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Groundbased observations 1988 – 2001 and post-2003 –Two distinct populations of brightness –Brightenings occur periodically Between 2001 and 2003 –Single.

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Presentation on theme: "Groundbased observations 1988 – 2001 and post-2003 –Two distinct populations of brightness –Brightenings occur periodically Between 2001 and 2003 –Single."— Presentation transcript:

1 Groundbased observations 1988 – 2001 and post-2003 –Two distinct populations of brightness –Brightenings occur periodically Between 2001 and 2003 –Single brightness population –Lower maximum brightness

2 October 1999 February 2000 Galileo Voyager Propagation direction

3 Quantification of model Unroll to make a simple rectangular lava lake Age determined as function of time and length Temperature calculated using cooling model of Davies, 2005 Total brightness calculated assuming blackbody emission Two input parameters: –Raft size Doesn’t affect results –Propagation speed, which influences Duration of event Maximum brightness reached: 3.5 micron brightness (in GW/μm/str) = speed (in km/day) x km 390 km raft WE

4 Model results What if Loki was a sulfur lake? –Used analytic cooling model of Howell (1997) altering the parameters for Sulfur –Doesn’t match A typical event lasts ~225 days To last 225 days, propagation speed must be 1.7 km/day The model predicts an average active brightness of 55 GW/μm/str Matches observed average active brightness of ~ 60 GW/μm/str

5 Matching data from Best three- year period of data Matched by simple variations of velocity with time

6 1998 position data Brightness and position of hot spots on 7/12 and 8/4 measured by MacIntosh et al. (2003) using speckle imaging Ran previous model and calculated 2.2 micron brightness – matches measurements Used velocity as a function of time to predict position of hot front during observations – matches measurements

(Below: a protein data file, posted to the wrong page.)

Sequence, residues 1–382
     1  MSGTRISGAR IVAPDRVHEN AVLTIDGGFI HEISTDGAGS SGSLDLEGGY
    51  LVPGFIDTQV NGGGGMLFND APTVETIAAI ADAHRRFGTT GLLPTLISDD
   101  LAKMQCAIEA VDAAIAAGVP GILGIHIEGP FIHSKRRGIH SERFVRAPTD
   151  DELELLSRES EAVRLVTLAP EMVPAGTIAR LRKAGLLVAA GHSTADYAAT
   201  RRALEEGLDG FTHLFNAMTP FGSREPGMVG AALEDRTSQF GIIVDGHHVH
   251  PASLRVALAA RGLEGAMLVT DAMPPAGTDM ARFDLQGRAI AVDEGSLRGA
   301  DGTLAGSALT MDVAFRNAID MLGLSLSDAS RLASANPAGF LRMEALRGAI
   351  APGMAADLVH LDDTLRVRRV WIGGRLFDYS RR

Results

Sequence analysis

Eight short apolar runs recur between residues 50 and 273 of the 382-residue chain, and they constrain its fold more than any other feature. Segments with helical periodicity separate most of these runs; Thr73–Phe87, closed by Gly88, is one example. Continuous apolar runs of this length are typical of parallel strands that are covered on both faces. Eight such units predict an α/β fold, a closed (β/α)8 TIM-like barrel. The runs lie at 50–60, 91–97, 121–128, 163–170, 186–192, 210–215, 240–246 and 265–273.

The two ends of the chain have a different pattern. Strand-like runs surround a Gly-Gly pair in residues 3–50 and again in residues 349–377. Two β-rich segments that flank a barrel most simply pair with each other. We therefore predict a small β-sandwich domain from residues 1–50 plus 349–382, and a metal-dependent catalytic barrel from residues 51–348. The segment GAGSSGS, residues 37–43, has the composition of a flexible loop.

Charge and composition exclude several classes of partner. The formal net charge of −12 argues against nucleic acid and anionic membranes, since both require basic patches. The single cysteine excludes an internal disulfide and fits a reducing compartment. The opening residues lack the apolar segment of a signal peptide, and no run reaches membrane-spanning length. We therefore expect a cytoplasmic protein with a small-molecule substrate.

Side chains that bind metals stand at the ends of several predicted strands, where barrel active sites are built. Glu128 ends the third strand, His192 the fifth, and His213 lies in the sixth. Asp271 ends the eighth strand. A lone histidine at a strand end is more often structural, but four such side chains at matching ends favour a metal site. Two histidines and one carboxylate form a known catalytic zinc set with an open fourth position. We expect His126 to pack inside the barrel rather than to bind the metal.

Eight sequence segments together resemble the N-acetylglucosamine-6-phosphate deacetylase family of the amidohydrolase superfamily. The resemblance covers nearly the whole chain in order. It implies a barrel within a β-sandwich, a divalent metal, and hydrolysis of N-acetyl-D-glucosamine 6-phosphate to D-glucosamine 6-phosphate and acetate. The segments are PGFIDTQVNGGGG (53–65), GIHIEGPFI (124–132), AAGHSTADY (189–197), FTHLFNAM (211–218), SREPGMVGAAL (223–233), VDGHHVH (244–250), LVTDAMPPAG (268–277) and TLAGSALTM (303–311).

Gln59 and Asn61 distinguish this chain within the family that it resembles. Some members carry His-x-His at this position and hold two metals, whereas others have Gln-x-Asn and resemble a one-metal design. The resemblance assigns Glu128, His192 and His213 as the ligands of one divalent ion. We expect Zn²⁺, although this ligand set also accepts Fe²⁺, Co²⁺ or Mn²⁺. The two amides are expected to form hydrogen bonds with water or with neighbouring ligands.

7 data Remained at approximately average brightness (~35 GW/micron/str) for days A speed of 0.9 km/day gives –maximum brightness of 29 GW/μm/str –takes ~450 days to overturn entire patera Adaptive optics brightness measurements at 2.2, 3.8, and 4.3 microns (Marchis et al., 2005) –Data taken close together in time (December 18 th, 20 th, and 28 th ) –Velocity of 0.5 km/day matches the average data value With a velocity of 0.5 km/day, it takes 780 days to overturn the entire patera If the westernmost rafts begin to overturn after 540 days, 2 fronts will be present for part of the time Maximum brightness ~ 33 GW/μm/str –Compare to 17 GW/μm/str

8 Conclusions Model can match all data with simple changes in velocity of overturn propagation Changes in velocity imply that the age at which the rafts sinks also changes over time Age of raft when it sinks d epends on 1.The density of the magma 2.Initial density (especially porosity) of the crust 3.Other factors (e.g. the behavior of neighboring slabs) We use porosity profile from Peck et al. and a simple Stefan model of solidification to calculate the density of the solidified crust as a function of time Density remains remarkably constant between ~400 and 800 days (~1% difference) Small differences in porosity profile used will similarly lead to large differences in age at which the raft sinks Small changes in magma volatile content can produce large variations in sinking time (via effects 1 and 2) and thus propagation speed of the sinking front


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